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hucks216 8th December 2021 13:18

Battle of Britain Medals Sold At auction
Just thought members would be interested to know that the medal sets for Squadron Leader 'Wimpy' Wade and Squadron Leader 'Bolshie' Bartley of 92 Squadron sold this morning at auction for £80,000 and £220,000 respectively.

hucks216 27th January 2022 11:47

Re: Battle of Britain Medals Sold At auction
Another set of medals sold at yesterday's DNW auction for £200,000 (before fees). From the description:

Distinguished Flying Cross, G.VI.R., reverse officially dated ‘1940’, and additionally engraved ‘F/O. P. L. Parrott. September’; with Second Award Bar, reverse officially dated ‘1945’; Air Force Cross, G.VI.R., reverse officially dated ‘1952’; 1939-45 Star, 1 clasp, Battle of Britain; Air Crew Europe Star; Italy Star; War Medal 1939-45; General Service 1918-62, 1 clasp, Cyprus (Wg. Cdr. P. L. Parrott. R.A.F.); Mauritania, Order of Merit, Officer’s breast badge, silver-gilt and enamel, in A. Bertrand, Paris case of issue

A fine Battle of France and Battle of Britain Fighter Ace’s 1940 D.F.C. and 1945 Second Award Bar, ‘Test Pilot’s’ A.F.C. group of eight awarded to Hurricane and Spitfire pilot, Wing Commander P. L. Parrott, Royal Air Force Volunteer Reserve, who nearly achieved ‘Ace’ in a day status during his first aerial combats, 10 May 1940.

Aged just 19, Parrott went on to fly with 607 (County of Durham) Squadron during the Battle of France, and with 145 Squadron over the beaches of Dunkirk. He was shot up whilst in combat with a He. III over Dunkirk, 26 May 1940, managing to limp home across the Channel and crash land in a field on the south coast.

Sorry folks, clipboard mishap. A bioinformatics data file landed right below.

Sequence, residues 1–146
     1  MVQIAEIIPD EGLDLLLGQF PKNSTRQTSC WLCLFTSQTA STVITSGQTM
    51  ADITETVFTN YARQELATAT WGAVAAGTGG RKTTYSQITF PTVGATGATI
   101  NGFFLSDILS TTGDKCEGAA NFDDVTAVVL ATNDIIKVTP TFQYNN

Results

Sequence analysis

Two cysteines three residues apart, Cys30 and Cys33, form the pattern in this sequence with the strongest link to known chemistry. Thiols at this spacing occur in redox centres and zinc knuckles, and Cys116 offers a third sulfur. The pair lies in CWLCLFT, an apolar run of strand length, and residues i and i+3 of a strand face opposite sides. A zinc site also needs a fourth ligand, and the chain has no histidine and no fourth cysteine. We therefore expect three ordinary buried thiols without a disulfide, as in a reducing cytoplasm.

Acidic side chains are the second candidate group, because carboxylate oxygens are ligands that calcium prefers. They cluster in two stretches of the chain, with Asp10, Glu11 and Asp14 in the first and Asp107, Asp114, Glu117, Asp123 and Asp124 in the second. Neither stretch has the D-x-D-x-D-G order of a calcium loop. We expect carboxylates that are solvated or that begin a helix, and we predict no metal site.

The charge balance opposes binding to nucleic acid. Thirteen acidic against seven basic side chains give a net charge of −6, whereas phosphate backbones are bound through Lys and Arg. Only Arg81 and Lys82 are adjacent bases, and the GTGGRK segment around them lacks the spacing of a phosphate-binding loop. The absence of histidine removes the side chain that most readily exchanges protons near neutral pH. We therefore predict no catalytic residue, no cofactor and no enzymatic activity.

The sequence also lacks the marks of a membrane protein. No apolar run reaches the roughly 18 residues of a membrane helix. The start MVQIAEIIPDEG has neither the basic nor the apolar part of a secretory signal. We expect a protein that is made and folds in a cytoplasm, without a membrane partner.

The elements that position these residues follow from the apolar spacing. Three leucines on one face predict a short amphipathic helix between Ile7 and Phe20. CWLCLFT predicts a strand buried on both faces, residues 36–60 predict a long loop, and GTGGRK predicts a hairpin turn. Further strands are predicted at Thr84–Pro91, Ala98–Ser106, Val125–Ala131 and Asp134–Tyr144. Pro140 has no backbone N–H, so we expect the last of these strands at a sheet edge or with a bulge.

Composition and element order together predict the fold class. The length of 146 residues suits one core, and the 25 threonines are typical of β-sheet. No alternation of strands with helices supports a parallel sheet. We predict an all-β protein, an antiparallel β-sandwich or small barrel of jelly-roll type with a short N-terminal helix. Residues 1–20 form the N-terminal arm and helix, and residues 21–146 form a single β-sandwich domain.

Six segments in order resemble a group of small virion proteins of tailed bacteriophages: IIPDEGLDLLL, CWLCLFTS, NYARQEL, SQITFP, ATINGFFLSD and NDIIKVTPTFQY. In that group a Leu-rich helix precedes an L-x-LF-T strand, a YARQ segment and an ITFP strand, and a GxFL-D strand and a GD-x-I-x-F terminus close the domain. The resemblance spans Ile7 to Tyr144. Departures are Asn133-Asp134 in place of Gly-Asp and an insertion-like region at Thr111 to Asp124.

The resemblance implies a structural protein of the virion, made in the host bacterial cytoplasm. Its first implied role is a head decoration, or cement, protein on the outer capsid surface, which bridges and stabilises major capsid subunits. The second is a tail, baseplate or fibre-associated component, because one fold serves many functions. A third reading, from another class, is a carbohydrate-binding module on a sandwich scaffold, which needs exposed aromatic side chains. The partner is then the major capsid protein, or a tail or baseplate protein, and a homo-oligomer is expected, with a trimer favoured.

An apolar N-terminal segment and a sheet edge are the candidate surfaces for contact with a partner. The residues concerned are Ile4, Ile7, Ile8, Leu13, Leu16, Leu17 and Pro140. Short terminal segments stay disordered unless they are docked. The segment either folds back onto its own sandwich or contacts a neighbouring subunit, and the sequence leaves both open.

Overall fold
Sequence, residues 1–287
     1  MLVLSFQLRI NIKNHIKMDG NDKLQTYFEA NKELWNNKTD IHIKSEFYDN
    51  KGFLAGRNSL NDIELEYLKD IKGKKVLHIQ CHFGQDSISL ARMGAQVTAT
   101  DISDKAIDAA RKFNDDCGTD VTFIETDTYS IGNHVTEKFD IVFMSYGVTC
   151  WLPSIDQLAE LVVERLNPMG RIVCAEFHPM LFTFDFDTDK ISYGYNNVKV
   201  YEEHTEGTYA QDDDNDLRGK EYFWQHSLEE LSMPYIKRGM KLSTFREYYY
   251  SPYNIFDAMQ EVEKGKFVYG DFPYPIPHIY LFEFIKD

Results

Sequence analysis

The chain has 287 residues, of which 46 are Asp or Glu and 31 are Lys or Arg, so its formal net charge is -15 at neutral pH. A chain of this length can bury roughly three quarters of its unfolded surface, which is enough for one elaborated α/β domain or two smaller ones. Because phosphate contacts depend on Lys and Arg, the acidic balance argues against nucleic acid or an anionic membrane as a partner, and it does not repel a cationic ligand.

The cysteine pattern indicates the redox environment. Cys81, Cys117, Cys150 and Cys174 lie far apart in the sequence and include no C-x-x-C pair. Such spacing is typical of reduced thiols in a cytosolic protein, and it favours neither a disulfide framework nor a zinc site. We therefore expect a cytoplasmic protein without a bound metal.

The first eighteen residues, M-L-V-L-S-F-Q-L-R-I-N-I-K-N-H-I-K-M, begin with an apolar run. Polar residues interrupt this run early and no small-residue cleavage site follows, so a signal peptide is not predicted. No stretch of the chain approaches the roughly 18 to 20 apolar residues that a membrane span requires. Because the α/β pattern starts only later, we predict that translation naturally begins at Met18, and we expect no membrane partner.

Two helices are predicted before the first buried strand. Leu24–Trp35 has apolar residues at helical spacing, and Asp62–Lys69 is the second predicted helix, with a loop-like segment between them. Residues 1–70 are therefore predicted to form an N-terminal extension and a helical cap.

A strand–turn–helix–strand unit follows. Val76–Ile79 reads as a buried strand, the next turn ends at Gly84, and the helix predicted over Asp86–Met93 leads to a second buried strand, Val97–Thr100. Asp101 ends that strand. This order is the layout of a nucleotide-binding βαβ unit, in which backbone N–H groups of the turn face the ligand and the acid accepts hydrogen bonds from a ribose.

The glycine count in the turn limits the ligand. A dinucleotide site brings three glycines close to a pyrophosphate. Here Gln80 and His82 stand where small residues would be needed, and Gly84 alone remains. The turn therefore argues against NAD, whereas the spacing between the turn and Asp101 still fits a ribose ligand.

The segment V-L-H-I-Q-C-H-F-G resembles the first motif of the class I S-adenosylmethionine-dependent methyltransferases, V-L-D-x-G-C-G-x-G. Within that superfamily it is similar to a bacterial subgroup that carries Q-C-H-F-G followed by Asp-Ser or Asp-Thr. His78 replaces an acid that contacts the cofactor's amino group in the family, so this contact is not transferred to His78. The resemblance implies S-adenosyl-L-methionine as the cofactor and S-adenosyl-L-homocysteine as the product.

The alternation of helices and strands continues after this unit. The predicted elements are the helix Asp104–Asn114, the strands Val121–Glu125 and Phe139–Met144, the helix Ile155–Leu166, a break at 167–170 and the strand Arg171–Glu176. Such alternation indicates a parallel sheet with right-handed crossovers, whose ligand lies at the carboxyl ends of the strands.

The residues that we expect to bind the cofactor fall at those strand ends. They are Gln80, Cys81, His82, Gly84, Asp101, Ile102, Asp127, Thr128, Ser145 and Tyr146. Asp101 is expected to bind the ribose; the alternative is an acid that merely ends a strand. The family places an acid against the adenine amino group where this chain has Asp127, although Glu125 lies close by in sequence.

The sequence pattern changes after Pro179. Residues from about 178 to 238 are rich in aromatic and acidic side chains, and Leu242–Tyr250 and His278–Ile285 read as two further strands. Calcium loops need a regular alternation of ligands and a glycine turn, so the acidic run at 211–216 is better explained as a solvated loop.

Parrott went on to distinguish himself during the Battle of Britain whilst operating out of the Tangmere Sector, the high point of which being when he shot down 2 enemy aircraft, 8 August 1940, ‘our first view of the convoy near St. Catherine’s Point was of Ju 87’s in their bombing dives. Above the Ju. 87’s were the escorting Bf 109’s and farther to the south-east were two more large formations of enemy aircraft approaching the convoy - a formidable sight. I had already taken part in the Battle for France, and patrolled over Dunkirk during the evacuation, but I had never before seen so many aircraft in the sky at once.’

A remarkable year continued when Parrott’s photograph, taken during the Battle of France, was used for a recruiting poster - thus providing one of the iconic Royal Air Force images of the Second World War, and literally making him the poster boy of the R.A.F. This only being ‘topped’ by Parrott being shot down, whilst serving as a ‘Weaver’ with 605 (County of Warwick) Squadron, 1 December 1940:

‘Looking down, the ground seemed to be coming up remarkably quickly. I was swinging from side to side but had no time to try pulling the shrouds to stop the swing before I slammed into the ground, on about the third downward swing, falling on my right leg and shoulder. I felt half stunned.... I opened my eyes and found I was lying on the grass.... I was at this time not sure whether I was still in this world or had already passed on to the next. I did not really care much either way....’

Parrott flew Spitfires over Sicily and Italy, and commanded 43 and 72 (Basutoland) Squadrons. After the war he was employed as a test pilot, and flew early Vampire and Meteor jets, and in retirement he even managed to have brushes with Colonel Gaddafi and Idi Amin.

Chris Goss 27th January 2022 16:15

Re: Battle of Britain Medals Sold At auction
Peter was a very pleasant and helpful chap and lived close to where I now live

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